Headlines so far are Pentagon fails financial audit It would never have caught my attention again. But I was in the middle of this conversation when I was on one of the DoD advisory boards, so I understand why the Department of Defense doesn’t count. This experience taught me a valuable lesson about the difference that innovation and imagination and visionary leadership (or lack thereof) make in a large organization.
With audit costs approaching $1 billion annually, the Department of Defense has an opportunity to lead audit modernization. Instead, we chose more of the same.
Department of Defense Audit
To lawthe Department of Defense should provide Congress and the public with an assessment of where it spends its money, and provide transparency in its activities. Count if you know where that money is spent.
DoD audits are a big job. For one thing, it is the country’s largest employer, 2.9 million People (1.3 million active duty, 800,000 reservists, 770,000 civilians.) Audits must count the location and condition of all military equipment, assets, inventories, and supplies. And there are many of them.department has 643,900 assets, deployed on more than 4,860 sites, from buildings to pipelines, roads and fences, as well as 19,700 aircraft and over 290 warships.To complicating audits, department has 326 Various separate financial management systems, 4,700 data warehouses, over 10,000 various decoupled data management systems.
(By the way, just like in the private sector, financial audits and contract audits are separate. The Office of the Inspector General of Defense is responsible for these financial audits of trillions of dollars of assets and liabilities. Defense Contract Audit Agency Responsible for auditing acquisition contracts worth hundreds of billions of dollars. I have the same problem. )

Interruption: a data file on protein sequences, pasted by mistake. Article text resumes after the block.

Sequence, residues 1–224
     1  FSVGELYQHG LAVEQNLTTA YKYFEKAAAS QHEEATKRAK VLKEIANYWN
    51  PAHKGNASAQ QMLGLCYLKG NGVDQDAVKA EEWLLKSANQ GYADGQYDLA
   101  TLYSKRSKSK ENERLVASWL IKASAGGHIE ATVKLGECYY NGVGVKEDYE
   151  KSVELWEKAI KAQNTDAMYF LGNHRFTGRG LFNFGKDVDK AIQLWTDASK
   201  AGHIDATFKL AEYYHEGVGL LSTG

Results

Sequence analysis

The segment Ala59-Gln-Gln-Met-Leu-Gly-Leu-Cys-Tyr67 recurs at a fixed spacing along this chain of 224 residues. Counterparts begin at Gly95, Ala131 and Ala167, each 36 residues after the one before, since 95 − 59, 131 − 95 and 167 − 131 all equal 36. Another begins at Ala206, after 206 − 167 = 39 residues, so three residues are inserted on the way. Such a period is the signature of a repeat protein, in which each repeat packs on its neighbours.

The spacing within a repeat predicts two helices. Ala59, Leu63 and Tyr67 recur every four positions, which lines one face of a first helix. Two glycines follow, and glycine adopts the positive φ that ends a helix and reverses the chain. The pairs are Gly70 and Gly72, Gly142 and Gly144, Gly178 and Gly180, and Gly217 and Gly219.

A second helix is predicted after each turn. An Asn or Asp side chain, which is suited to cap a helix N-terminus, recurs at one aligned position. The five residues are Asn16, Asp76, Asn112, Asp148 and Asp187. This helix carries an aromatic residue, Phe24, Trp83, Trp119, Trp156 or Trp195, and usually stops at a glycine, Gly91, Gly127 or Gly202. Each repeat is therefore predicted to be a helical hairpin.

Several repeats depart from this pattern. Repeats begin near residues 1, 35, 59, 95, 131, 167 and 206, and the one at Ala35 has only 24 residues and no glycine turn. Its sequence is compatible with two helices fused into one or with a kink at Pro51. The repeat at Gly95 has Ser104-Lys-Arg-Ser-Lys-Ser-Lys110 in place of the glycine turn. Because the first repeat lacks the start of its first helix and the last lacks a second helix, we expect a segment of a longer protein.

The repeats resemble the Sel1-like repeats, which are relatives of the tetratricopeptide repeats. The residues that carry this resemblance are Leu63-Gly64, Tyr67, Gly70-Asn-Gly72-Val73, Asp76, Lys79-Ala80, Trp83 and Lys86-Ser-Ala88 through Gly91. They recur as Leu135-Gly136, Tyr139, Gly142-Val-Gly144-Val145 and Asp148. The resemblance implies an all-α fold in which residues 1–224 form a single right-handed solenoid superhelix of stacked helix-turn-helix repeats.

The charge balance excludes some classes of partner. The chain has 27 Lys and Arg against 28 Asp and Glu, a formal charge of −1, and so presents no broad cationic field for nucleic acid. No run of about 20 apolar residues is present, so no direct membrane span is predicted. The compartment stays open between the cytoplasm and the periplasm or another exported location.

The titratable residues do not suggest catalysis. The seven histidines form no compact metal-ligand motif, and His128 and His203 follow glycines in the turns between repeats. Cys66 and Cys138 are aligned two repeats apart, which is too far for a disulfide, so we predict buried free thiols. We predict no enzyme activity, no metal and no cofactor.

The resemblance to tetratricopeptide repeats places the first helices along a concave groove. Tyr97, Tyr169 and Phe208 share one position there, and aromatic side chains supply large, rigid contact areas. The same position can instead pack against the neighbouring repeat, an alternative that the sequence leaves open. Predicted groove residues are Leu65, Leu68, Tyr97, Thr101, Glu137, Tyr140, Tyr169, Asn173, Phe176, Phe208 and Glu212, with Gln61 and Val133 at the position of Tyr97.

This is the fifth year that the division has received financial statement audit – and failed. The audit was no easy task and required 1,600 auditors (1,450 him from the accounting firm and 150 from the Inspector General’s Office). In 2019, he spent $428 million in audit costs (his $186 million in auditors and $242 million in audit support), plus an additional $472 million to fix issues found in audits. It cost a million dollars.
Invent the future of auditing
division defense Over 40 Recommendation board It is staffed by outsiders who can provide independent perspectives and advice. I served on one of these committees, and our charter was to use lessons from the private sector to improve the quality of our audits.
in defense spending on audits Approaching $1 billion annually It was clear that it would take a decade or more to catch up with private sector auditing standards. But no single company or even an entire industry spends this much on audits. And surprisingly, year after year the Department of Defense seemed to be trying to do the same thing. I realized that I could audit it cheaper and more effectively.
Nothing in our charter asked our advisory board to invent the future. But I asked myself, “What if I could?” What if you could provide the defense sector with new technologies, new approaches to auditing, analytical techniques, audit research and standards, while also creating audit and data management research and a new generation of financial applications and vendors?
The Pentagon once led business innovation
I reminded my fellow Advisory Board members that in 1959, at the dawn of the computer age, the Department of Defense was the largest user of computers for business applications.